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The Africa Hydrogen Opportunity

Africa enjoys world-class renewable resources, with capacity factors up to 69% for wind power and 25% for solar power, as well as excellent geothermal and hydro resources, coupled with abundant land area.

Consequently, the continent is strongly positioned to become a renewable hydrogen and derivatives producer and exporter. Using these renewable resources to produce hydrogen for both the domestic market and export (either as pure hydrogen or as derivatives – ammonia, synfuel, hot briquetted iron, and others) could create a win-win opportunity for all stakeholders.

Europe and parts of Asia are expected to require significant imports of renewable hydrogen and its derivatives by 2050. With the right enabling conditions and if African countries can capture 15% of the expected globally traded hydrogen volume, renewable hydrogen production for export could grow from 1 million tonnes per annum (Mtpa) in 2030 to 11 Mtpa in 2050. Renewable hydrogen production could mobilize a cumulative investment of USD 400 billion. This would increase African export value by USD 15 billion in 2050 and create a cumulative 13 million job-years by 2050, and could also enable the faster deployment of renewable power for domestic use at lower costs.

However, under current circumstances, Africa’s higher country-level risk and project execution risk are driving up financing costs, making the expected hydrogen production cost of African countries higher than those in the Middle East and Australia. Indeed, while there are projects on the continent in the announced and planning stages that correspond to investments of USD 50+ billion by 2030, the African hydrogen project pipeline is less mature than the global average. In Africa, only about 5% of project investment volume is at the front-end engineering design and further (FEED+) stage, compared with 20% globally. What’s more, only 1% is past the final investment decision (FID), compared with 7% globally.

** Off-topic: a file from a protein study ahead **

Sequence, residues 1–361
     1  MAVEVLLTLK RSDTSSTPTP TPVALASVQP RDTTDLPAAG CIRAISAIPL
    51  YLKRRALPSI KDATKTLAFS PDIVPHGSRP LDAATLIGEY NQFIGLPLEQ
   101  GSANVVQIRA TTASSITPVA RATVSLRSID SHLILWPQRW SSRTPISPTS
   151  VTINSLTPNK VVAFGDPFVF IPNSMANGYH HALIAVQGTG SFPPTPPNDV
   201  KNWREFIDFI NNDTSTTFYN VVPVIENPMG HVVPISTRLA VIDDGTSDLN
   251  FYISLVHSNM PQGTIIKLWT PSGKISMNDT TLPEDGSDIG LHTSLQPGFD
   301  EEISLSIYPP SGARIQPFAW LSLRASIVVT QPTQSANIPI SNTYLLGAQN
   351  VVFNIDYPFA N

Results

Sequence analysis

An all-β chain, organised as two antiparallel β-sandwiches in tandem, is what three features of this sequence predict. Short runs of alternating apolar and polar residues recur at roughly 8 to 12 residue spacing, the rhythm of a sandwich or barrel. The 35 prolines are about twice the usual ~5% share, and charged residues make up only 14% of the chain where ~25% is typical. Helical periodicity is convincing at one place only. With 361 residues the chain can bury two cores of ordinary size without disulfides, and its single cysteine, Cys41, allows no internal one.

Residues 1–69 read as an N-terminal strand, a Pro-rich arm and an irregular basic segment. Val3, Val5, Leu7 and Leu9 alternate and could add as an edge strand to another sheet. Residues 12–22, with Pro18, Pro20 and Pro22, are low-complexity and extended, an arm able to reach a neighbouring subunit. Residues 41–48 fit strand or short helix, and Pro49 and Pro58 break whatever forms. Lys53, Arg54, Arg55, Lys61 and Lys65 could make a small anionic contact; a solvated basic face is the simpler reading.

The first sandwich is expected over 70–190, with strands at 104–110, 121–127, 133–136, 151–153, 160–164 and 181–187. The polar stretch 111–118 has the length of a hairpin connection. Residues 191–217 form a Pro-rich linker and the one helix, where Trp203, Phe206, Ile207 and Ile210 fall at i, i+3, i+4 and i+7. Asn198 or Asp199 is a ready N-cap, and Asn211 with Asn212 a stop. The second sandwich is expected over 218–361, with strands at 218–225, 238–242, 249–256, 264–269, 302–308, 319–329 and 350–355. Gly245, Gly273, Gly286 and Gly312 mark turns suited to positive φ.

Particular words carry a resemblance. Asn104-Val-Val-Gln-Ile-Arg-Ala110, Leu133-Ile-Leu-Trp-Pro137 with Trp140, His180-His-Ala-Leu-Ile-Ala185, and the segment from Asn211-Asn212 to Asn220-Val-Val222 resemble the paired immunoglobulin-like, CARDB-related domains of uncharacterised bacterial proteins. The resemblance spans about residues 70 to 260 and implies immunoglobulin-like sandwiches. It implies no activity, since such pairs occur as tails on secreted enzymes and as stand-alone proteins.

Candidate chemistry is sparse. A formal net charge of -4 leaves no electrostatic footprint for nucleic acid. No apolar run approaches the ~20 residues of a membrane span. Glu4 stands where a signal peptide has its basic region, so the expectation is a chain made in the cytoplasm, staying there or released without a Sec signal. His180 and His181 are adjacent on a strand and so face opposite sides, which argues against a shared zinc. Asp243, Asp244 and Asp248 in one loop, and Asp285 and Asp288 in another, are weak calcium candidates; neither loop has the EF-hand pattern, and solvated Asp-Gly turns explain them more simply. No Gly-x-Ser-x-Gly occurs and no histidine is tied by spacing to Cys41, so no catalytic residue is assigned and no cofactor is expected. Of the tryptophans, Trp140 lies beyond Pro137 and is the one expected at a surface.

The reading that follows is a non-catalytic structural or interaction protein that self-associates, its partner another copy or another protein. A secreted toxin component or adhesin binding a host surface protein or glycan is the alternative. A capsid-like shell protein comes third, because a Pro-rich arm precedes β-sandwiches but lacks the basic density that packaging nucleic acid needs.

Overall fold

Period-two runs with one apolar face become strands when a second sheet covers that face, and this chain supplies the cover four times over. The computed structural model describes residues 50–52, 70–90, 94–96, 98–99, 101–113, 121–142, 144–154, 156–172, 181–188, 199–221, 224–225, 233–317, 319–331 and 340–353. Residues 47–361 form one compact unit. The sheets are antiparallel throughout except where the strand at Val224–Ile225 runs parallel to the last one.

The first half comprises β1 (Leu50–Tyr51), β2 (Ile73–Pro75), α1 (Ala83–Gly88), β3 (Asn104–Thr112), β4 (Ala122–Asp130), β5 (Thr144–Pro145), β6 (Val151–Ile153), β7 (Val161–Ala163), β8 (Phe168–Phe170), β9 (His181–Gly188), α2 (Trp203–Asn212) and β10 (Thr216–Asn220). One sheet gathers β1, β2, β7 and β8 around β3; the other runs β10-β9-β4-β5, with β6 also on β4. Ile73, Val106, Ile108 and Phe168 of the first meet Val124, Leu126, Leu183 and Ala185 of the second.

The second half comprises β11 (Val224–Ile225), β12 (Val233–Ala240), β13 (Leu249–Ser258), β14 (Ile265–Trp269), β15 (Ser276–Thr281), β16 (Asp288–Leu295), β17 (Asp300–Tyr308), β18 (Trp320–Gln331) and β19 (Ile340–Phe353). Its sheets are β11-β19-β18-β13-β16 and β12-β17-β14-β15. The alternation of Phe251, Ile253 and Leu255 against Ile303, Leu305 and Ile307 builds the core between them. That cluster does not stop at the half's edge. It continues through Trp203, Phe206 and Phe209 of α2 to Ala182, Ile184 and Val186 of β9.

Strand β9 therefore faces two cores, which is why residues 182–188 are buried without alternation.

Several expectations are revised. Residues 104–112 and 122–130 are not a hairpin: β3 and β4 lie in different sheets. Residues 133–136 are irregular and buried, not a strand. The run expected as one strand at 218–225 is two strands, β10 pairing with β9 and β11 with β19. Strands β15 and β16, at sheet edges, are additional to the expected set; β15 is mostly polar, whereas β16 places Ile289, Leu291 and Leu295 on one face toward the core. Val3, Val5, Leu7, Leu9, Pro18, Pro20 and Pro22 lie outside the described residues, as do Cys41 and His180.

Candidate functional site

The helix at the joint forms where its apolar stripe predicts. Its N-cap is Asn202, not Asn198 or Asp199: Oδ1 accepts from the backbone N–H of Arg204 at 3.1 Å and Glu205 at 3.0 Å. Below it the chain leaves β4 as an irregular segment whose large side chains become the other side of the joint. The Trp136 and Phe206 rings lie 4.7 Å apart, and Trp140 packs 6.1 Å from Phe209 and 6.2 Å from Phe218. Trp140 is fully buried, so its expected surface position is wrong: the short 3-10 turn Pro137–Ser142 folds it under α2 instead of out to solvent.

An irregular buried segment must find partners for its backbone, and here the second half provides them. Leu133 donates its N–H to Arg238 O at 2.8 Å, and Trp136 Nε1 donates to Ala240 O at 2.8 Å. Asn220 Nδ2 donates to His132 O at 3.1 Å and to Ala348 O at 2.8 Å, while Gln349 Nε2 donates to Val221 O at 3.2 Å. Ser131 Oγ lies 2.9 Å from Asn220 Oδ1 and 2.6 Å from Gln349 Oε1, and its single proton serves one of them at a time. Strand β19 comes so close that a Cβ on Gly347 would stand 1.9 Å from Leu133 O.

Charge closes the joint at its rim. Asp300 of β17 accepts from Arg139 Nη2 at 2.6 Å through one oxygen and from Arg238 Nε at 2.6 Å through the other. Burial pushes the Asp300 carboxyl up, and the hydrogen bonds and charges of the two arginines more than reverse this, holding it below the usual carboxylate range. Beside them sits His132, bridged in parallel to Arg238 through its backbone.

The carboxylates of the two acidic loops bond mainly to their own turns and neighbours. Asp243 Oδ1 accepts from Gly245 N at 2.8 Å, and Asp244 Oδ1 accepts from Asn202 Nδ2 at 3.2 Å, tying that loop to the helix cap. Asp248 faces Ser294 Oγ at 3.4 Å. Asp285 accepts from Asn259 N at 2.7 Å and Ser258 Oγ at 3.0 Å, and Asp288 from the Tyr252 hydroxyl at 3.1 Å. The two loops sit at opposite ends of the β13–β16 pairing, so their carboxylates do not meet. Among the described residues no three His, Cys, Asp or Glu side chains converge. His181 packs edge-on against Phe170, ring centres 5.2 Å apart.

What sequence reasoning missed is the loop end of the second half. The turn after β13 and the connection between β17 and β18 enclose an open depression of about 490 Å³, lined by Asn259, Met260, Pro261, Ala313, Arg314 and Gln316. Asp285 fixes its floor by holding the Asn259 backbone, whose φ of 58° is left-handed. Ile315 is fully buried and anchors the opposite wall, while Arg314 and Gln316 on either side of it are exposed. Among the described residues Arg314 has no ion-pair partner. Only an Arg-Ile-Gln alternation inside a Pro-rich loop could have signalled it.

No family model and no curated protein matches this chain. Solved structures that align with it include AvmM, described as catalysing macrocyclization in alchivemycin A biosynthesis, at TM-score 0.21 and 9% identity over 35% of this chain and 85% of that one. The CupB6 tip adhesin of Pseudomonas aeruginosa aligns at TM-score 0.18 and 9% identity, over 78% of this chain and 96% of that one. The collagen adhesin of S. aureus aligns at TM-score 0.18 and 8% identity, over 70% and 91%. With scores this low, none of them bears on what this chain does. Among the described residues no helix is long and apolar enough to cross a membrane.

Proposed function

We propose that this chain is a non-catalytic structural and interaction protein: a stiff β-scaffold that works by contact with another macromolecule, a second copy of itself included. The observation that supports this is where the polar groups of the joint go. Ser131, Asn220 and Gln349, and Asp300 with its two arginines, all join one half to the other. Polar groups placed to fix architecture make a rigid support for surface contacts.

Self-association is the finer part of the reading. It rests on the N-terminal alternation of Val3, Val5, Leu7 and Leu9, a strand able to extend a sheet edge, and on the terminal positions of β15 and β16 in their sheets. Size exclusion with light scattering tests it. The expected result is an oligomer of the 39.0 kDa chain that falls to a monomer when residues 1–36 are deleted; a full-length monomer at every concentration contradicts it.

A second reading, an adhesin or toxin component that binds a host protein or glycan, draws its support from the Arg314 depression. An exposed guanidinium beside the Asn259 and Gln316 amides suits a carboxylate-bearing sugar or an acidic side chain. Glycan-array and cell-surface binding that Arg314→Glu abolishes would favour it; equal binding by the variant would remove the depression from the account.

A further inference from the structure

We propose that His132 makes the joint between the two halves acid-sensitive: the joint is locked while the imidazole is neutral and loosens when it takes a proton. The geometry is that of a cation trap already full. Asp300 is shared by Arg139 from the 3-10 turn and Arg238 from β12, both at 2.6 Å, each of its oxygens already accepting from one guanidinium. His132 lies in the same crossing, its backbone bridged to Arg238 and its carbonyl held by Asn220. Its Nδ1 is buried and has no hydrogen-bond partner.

There is therefore an opportunity for stakeholders to realize Africa’s hydrogen potential for its citizens and for the world. Stakeholders could consider taking one or multiple of several actions to reduce cost of financing, leading to increased chance of project success. These include securing off-take agreements, securing hardware supply, putting in place shared infrastructure, identifying and working with capable engineering, procurement, and construction (EPC) suppliers, making use of political risk insurance, and structuring and making available concessional finance.

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